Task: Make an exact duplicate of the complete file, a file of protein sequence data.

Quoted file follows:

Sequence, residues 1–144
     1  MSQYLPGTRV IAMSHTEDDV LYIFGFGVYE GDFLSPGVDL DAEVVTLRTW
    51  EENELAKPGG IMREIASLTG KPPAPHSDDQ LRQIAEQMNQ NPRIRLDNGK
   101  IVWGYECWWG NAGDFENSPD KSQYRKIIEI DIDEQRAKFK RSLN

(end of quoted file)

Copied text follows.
Sequence, residues 1–144
     1  MSQYLPGTRV IAMSHTEDDV LYIFGFGVYE GDFLSPGVDL DAEVVTLRTW
    51  EENELAKPGG IMREIASLTG KPPAPHSDDQ LRQIAEQMNQ NPRIRLDNGK
   101  IVWGYECWWG NAGDFENSPD KSQYRKIIEI DIDEQRAKFK RSLN